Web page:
Written by Anisha Pillarisetty
5.50 am July 8, 2021:
The smell is laden, congealing in the pre-dawn gaze of the Royal Adelaide Hospital. For the time it takes to cross West Terrace, I can’t remember anything before the smell. The crisp, bright yellow “M” hoisted into the sky and the headlights on a solitary car are the only interruptions. My stomach turns, empty.
The smell seems to have settled on everything, like the grime on high-up surfaces that no one ever bothers to clean. It reminds me of beginning to eat meat again after moving here, and watching the edges of the bacon ooze white in the pan for the first time.
9.00 pm July 12, 2021:
The smell is gone. The air is wet. Old sheets of the sky are torn into cleaning rags. The grass looks polished, new. I notice a cockatoo, lying on its side. I look away.
Cold wind darts between the blur of my bicycle spokes and I hang one arm to the side – a strange compulsion that does nothing to help the blood rushing away from my fingers.
I look to my left across the empty cricket ground, and I remember when I first moved here, half a lifetime ago, and looked out over similar buzz-cut grass. It was a Sunday morning. I would later tell my friends I thought there was a curfew. The eerie silence. The smell: just-mowed, just-mulched, just-renovated, peeled back by the dry air, razor-sharp, a hush-hush.
Much later, I would learn how we had driven first through unceded Kaurna, and then Ngarrindjeri lands.
Ngarrindjeri, Kaurna and Italian poet and health worker, Dominic Guerrera, speaking at the South Australian Rainbow Advocacy Alliance’s IDAHOBIT 2021 event said:
‘Invasion and genocide continue to take place. So, you’ve been welcomed, now what?’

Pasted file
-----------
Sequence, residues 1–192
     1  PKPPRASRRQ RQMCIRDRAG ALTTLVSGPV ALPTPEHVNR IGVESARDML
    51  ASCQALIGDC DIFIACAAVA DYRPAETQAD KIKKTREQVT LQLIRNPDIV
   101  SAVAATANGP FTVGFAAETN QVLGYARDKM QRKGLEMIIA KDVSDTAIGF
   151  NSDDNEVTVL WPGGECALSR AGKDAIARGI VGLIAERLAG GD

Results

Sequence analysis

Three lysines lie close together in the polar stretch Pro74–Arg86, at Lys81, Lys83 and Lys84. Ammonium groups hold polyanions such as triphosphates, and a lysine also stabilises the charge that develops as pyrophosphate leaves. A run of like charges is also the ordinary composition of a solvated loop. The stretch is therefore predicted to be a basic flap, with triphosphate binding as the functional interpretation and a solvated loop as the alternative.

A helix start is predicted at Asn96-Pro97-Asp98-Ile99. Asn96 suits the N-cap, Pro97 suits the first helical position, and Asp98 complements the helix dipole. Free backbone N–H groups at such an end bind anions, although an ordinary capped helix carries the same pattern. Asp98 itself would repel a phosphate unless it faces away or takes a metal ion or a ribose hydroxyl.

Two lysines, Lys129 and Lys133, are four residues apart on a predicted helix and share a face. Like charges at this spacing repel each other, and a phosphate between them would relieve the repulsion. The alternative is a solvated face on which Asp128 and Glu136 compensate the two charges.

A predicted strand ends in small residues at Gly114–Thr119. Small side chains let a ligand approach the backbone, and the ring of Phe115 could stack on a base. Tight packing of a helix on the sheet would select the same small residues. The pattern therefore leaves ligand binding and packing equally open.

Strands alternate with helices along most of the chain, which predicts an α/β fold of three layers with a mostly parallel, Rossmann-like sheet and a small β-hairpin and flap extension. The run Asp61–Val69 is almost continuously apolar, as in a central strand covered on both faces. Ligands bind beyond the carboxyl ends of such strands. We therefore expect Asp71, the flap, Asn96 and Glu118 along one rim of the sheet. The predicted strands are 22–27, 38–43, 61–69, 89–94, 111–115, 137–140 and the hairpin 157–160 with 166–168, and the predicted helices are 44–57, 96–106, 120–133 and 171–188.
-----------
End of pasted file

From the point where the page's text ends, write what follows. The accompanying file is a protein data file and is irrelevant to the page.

Falling down to the South, towards the cemetery, the sky is blue – almost the same bright blue as the plastic net draped across the temporary fencing. To my right, the sky furrows into a storm, cleaved in half, where I stand. The parklands stretch ahead, screeching with the loud smell of grass. The RAH is stoic, grey clouds looming above, like a superhero in the movies who can control the weather.
I’ve looked up Seasonal Affective Disorder (SAD) many times, and it’s always the same.
Health Direct doesn’t really tell you SADness isn’t just sad. It’s:
- clawing through the laden air
I don’t know if I have it. Maybe it’s just plain, old depression. But SAD seems better somehow, on paper. Contained by seasons. More manageable.
I remember hearing on the radio that 2020 was the first year ever that was:
- not only the third warmest, but also
- the fifth wettest
- AND the eighth sunniest.
I wonder if Health Direct will update their SAD webpage to factor in climate disaster. I wonder if the colony will listen. I wonder if I’m truly listening. I wonder if the colony will factor in colonisation when writing reports on climate disaster.
The (first) SADdest day this winter, I’m sitting up in bed with the lights turned off. The moon is hurled against the window. I can’t smell the wind, but it reminds me of home, the sound of a train if it had no wheels. It’s strange that I smell home here, on the (third?) windiest day, staring at the tops of gum trees unspooling. I imagine it smells warm, like a monsoon ballooning in curtains.
I can’t imagine what the winds smelt like before I was here, before this window was here. I’m here, settling, like the smell of deep fryers before sunrise. Now what?
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